Tchaikovsky faced a dilemma in 1883, adapting Pushkin's poem "Poltava" to the opera stage. His solution for "Mazeppa," which made its very belated Met debut Monday night, was to get things rolling by having the maiden Maria and her young Cossack admirer, Andrei, sing an "I've Always Loved You/I Never Loved You" duet.
With numbers like “If I Loved You,” Rodgers & Hammerstein perfected the conditional love song, allowing them to start the show with a romantic tune yet not test credibility by having their newly introduced leads profess undying love from the get-go. Tchaikovsky faced a similar dilemma in 1883, adapting Pushkin’s poem “Poltava” to the opera stage. His solution for “Mazeppa,” which made its very belated Met debut Monday night, was to get things rolling by having the maiden Maria and her young Cossack admirer, Andrei, sing an “I’ve Always Loved You/I Never Loved You” duet.
Having gotten that bit of lovely soprano-tenor lyricism out of the way, Tchaikovsky could then quickly shift gears to expose a May-December romance between Maria and 70-year-old military leader Mazeppa, which definitely doesn’t sit well with her wealthy Cossack parents. Suffice to say that all civil war breaks out when the offstage tsar, Peter the Great, makes the mistake of backing the turncoat Mazeppa over the loyal Cossacks. Mazeppa kills Maria’s father and Maria goes nuts.
Sound like real book problems? In his Met directorial debut, Yuri Alexandrov never loses sight of the political story by always emphasizing the personal drama with insightful, if sometimes fussy, direction. (Does the lovesick Mazeppa actually cheat on Maria? Should Maria really try on his crown for size?)
In the pit, conductor Valery Gergiev makes Tchaikovsky sound like Mussorgsky, and even if “Mazeppa” is not top-drawer opera on the level of the composer’s “Eugene Onegin” or “Pique Dame,” it deserves to be part of the repertory. Lovers of Russian opera can only hope that stagings of “The Maid of Orleans” and “Iolanta” are not far behind.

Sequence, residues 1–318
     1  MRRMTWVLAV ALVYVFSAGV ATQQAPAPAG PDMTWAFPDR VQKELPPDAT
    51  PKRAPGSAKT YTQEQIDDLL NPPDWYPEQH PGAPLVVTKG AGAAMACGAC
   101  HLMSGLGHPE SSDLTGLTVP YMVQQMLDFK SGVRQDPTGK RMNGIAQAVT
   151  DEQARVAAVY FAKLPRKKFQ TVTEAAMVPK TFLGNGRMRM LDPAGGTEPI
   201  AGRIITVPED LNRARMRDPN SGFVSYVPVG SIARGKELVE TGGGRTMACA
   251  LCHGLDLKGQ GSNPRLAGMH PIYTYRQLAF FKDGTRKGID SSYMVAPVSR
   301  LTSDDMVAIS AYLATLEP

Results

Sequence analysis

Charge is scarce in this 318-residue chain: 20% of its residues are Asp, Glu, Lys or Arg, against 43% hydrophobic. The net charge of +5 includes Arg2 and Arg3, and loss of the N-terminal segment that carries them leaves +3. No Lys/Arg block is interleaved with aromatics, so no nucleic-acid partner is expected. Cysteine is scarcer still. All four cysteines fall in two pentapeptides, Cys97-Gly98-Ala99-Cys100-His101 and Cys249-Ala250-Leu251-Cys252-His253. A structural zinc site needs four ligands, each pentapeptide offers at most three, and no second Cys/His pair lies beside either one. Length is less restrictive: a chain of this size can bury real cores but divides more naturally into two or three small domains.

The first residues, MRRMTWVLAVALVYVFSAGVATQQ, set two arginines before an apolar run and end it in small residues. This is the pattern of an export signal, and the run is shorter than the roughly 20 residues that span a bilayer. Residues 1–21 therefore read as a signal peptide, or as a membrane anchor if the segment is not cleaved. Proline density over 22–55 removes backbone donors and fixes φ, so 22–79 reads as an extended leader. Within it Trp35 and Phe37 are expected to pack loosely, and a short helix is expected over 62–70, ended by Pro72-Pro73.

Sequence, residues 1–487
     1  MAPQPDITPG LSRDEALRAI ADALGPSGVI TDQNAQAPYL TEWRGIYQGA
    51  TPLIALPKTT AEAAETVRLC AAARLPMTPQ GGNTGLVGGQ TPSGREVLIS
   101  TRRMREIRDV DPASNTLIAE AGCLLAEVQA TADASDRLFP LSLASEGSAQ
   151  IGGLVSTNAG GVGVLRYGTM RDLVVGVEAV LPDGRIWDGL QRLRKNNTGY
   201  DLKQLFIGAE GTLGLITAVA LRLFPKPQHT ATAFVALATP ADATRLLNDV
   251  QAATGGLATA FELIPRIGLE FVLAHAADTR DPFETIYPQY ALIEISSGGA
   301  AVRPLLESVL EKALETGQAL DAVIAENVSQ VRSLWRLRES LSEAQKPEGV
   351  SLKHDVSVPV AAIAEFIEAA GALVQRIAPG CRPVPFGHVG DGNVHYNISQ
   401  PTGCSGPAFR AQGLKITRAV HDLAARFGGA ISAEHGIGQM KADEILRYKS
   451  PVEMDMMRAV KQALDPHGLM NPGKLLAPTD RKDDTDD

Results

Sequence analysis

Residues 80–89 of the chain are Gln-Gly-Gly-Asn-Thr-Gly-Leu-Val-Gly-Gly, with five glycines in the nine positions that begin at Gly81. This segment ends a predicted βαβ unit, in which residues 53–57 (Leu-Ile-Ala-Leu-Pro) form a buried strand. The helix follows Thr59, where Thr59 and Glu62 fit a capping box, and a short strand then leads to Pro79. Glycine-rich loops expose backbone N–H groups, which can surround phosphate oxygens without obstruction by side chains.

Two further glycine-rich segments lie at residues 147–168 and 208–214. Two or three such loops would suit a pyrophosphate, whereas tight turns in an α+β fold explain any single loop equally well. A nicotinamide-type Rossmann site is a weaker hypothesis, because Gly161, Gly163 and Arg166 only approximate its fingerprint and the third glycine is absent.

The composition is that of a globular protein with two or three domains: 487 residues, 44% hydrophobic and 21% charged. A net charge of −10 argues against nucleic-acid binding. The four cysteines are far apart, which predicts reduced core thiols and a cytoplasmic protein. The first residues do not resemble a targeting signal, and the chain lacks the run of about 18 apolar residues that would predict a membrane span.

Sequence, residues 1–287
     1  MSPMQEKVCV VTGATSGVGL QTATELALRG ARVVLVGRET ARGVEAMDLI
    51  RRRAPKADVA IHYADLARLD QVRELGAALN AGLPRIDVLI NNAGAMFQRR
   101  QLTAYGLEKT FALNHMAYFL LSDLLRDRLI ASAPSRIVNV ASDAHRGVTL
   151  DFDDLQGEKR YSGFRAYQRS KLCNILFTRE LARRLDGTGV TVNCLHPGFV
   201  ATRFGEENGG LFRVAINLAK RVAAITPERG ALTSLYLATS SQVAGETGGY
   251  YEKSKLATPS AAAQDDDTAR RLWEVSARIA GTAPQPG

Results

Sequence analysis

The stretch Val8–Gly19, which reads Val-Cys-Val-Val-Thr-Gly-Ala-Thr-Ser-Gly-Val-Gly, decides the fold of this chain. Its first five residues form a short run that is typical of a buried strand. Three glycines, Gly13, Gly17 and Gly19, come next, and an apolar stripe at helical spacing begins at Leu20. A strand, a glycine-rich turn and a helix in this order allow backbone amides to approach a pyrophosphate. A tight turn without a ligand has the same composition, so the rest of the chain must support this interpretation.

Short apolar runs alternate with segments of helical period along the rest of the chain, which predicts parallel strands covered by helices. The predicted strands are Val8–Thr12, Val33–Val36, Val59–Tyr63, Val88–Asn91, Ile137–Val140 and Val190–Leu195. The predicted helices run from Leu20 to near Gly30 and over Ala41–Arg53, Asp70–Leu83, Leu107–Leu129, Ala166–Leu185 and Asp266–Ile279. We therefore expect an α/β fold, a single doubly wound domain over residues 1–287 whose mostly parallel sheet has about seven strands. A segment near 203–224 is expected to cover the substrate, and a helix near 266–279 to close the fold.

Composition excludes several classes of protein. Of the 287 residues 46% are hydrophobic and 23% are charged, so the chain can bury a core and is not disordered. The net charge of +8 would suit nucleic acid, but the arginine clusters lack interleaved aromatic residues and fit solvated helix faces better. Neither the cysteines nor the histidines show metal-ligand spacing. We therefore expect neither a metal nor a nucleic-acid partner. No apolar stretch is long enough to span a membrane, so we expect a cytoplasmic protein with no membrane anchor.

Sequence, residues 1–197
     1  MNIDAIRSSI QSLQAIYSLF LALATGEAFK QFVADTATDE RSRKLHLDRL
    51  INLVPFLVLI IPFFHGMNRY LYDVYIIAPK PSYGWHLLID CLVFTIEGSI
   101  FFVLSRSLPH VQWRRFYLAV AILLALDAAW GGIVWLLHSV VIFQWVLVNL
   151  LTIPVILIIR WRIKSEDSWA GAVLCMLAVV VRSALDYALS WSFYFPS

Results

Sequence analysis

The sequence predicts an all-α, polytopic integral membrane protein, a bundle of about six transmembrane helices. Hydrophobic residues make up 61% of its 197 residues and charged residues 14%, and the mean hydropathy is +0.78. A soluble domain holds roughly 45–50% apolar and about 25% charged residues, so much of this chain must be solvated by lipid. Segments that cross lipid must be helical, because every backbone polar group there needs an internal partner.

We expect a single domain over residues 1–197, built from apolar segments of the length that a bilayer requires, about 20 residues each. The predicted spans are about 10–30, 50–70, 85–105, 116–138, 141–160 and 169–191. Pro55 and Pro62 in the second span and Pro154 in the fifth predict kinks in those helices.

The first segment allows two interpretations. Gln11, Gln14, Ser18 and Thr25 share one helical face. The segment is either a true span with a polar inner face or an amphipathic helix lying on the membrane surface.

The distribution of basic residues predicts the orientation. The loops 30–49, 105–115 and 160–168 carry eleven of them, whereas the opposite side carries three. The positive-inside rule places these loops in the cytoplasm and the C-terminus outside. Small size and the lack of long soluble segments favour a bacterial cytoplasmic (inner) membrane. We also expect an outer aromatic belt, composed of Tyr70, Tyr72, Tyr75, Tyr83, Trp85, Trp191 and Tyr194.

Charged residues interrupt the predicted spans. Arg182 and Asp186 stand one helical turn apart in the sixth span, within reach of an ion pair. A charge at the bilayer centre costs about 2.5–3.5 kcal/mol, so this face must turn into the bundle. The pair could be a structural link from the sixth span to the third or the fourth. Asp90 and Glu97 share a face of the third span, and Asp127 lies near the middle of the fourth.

It’s hard to imagine more Tchaikovsky-friendly artists than Nikolai Putilin in the title role and Paata Burchuladze and Larissa Diadkova as Maria’s parents. In opera, Tchaikovsky was never more effective than when essaying a plaintive, sexual yearning, and Putilin turns his big second-act aria “Oh, Maria” into a showcase of character-driven singing. Here’s a singer-actor who can convey Mazeppa’s complex, essentially brutish nature while never sacrificing the elegance of the music’s line.
As the heroine Maria, Olga Guryakova displays a soprano with surprisingly rich, plummy mezzo qualities in act one. Only later, when she reveals an unsupported upper register, does it become apparent that, just possibly, she really is a mezzo. Oleg Balashov is completely overtaxed as the spurned Andrei.
Set designer George Tsypin is on board to bring Disney’s “The Little Mermaid” to Broadway, under the direction of Francesca Zambello, which should be interesting. At the Met, he is now 2½ to 2½. “War and Peace” and “The Magic Flute” were hits, “Benvenuto Cellini” and “The Gambler” were misses. “Mazeppa,” a co-production with St. Petersburg’s Mariinsky Theater, is all over the place stylistically.
Granted, the first act of “Mazeppa” is a real violin-bruiser, with too much bombast as the troops are rallied into action. It includes one of Tchaikovsky’s rare failures at writing a ballet, and costume designer Tatiana Noginova emphasizes that fact with gold clown pants for the danseurs and tutus over short cocktail dresses for the ballerinas.
Equally bizarre is Tsypin’s choice to populate the Cossacks’ home turf with fascist statues straight from the Soviet realist period. Gleb Filshtinsky’s showbiz lighting for the act-two beheading looks left over from the Roundabout’s recent production of “Assassins.” But there is also much to admire here: The tableau that follows Kochubey’s execution is chilling in its grizzly detail of disembodied heads, and Tsypin’s barren, snow-covered battlefield is the perfect stage for this most melancholic score.